In a three way roster blow up, the Boston Celtics received David West, the Brooklyn Nets received Roy Hibbert, Chris Copeland and #18, and the Indiana Pacers received Brook Lopez Brandon Bass, and Keith Bogans.

The Phoenix Suns decided to blow up their bench and that #6 pick they received earlier in exchange for a superstar. The Suns sent Gerald Green, Markieff Morris, Ish Smith, Dionte Christmas, Alex Len, and #6 to the Portland Trailblazers for LaMarcus Aldridge and Will Barton. With Aldridge becoming an FA in 2015, the amount of bench talent and two top 6 picks was too much to pass up for the Trailblazers.

Another rumored name on the move was traded and this time it was Rajon Rondo. Rondo was dealt to the Detroit Pistons for Brandon Jennings and Kentavious Caldwell-Pope. The Celtics also included #28.

In another three way deal, Jrue Holiday Austin Rivers, Luke Babbitt, and the rights to Pierre Jackson were on the way to LA for the Lakers. The Miami Heat would receive the shot blocking of Jeff Withey and dime dishing of Kendall Marshall, while the New Orleans Pelicans got the expiring contract of Steve Nash, Marshon Brooks, the rights to James Ennis, and the #7 pick from LA.

In what might have been the most intriguing trade of the process, the Trailblazers continued to wipe out their 54 win team by sending Damian Lillard, Dorell Wright, Joel Freeland, and Victor Claver to the Denver Nuggers for Ty Lawson, Timofey Mozgov, and #11. The Blazers have now dealt their 2 All-Stars from last season while acquiring lottery picks.

In a trade to perhaps revitalize his career, Deron Williams was on the way to Houston. The Nets traded Williams, Marquis Teague, and #18 for Jeremy Lin, Omer Asik, Pat Beverley, and #25.

As if the Trailblazers hadn't moved enough off their roster, they continued. This time it was Wesley Matthews and Thomas Robinson on their way to the Golden State Warriors for Gerald Henderson, Nemanja Nedovic, and #9. Obviously, the allure of this draft was too much for Portland to not take part in.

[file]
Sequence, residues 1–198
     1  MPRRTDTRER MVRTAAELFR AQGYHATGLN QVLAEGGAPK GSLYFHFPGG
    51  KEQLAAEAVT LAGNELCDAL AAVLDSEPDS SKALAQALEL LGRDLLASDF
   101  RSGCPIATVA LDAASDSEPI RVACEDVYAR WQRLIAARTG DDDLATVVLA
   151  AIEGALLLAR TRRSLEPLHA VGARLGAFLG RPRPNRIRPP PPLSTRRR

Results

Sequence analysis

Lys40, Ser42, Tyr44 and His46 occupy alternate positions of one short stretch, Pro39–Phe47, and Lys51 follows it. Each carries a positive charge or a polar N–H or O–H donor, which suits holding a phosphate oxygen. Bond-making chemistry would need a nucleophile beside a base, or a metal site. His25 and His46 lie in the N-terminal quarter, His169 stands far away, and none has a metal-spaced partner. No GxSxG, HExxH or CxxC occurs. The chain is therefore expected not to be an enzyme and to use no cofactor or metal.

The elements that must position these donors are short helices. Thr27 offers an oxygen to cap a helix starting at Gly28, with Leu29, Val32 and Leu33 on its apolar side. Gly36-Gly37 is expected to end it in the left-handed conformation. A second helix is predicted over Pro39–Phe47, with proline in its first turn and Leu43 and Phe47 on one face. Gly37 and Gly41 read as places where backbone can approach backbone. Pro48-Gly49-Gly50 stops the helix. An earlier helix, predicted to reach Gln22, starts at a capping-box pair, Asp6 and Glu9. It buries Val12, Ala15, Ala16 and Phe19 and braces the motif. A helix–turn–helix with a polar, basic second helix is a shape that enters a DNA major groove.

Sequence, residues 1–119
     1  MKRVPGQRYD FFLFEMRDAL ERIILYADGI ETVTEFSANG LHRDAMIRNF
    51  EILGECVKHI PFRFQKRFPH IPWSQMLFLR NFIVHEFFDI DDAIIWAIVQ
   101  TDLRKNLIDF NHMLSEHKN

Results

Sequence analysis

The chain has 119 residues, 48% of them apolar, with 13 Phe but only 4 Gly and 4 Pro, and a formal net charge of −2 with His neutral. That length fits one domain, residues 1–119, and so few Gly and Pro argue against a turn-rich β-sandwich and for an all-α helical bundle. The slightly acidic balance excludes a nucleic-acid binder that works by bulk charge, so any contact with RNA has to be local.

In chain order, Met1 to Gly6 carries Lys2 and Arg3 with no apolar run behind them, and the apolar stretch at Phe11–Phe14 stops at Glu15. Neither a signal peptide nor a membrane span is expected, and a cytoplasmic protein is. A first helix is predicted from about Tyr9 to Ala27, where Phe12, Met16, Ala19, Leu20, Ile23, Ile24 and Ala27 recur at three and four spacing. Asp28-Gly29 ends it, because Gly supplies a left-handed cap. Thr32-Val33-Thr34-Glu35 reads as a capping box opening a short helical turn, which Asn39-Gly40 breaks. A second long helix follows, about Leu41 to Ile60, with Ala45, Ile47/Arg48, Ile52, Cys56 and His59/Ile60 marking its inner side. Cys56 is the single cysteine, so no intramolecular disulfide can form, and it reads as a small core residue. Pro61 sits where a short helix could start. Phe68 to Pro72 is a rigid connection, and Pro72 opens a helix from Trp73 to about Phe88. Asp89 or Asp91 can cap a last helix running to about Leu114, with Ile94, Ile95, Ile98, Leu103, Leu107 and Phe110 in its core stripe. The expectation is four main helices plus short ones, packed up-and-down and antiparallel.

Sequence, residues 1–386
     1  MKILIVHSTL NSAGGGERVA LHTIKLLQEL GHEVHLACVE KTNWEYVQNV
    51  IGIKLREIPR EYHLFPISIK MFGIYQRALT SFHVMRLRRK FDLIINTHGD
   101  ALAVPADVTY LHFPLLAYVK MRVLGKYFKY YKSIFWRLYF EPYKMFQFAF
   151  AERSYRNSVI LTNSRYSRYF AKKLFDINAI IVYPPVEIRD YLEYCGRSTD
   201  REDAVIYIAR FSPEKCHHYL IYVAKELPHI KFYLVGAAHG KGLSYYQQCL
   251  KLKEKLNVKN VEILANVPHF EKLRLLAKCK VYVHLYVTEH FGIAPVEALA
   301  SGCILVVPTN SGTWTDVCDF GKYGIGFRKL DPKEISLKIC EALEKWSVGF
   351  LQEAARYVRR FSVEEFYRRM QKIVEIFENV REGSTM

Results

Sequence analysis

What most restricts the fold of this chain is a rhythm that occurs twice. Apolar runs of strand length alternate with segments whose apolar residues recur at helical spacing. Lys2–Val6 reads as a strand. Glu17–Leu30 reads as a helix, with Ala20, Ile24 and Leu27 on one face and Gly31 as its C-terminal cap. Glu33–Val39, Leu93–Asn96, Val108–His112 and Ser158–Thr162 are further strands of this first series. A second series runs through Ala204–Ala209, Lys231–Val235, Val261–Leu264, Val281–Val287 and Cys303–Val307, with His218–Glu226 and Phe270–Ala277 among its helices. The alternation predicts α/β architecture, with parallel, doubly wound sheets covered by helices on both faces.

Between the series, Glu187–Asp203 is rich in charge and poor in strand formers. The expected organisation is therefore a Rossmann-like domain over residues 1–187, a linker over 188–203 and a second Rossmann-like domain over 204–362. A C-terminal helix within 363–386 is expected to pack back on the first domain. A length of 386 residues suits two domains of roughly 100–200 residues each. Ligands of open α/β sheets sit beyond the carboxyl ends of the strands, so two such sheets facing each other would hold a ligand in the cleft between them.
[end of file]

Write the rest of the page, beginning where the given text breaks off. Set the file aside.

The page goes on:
KCP moved again, this time to Utah with #14 in exchange for Alec Burks and #23.

The Spurs apparently were not satisfied with the postseason form of Marco Belinelli, as along with pick #30, he moved to the Charlotte Hornets for Brendan Haywood and #24.

Jamal Crawford hopefully didn't buy a house yet in Minnesota, as he was moved to Atlanta for Lou Williams and #15.

The Trailblazers, now sitting with three picks in the top 11 of the draft, apparently were not satisfied with the rebuild, as they moved Ty Lawson, CJ McCollum, and #11 to the Indiana Pacers for Paul George and CJ Watson. The Pacers and Trailblazers have now both in a quite nuclear fashion, blown up their contending teams for a new look.

Eric Gordon and his 65 year old knees were sent to the Sacramento Kings in exchange for the cap filler of Jason Terry, Derrick Williams and Travis Outlaw. The teams also swapped picks, as the Pelicans received pick #21 from the Kings while the Kings got back #26.

While Kevin Love and Chris Paul were starting to feel each other out on the court, the Clippers had other ideas. They moved Love and Willie Green to the Trailblazers for Markieff Morris, Timofey Mozgov, Gerald Henderson, and #6. So to recap the recap, the Trailblazers dealt their stars for lottery picks, and then dealt those lottery picks for other stars. I tell ya what, there's nothing quite like the community mock draft!

Two more minor moves happened, as the Pacers improved their bench by acquiring Danny Green, Tiago Splitter, and #24 from the Spurs. In exchange, the Spurs received Luis Scola, Solomon Hill, Donald Sloan, Ian Mahinmi, and #11.

The Spurs would not be done yet, as they got themselves into a three team trade. In that three team trade, the Spurs would receive Gerald Green and #17, the Timberwolves would acquire Ian Mahinmi and #9, while the Trailblazers would receive JJ Barea, #11, and #15.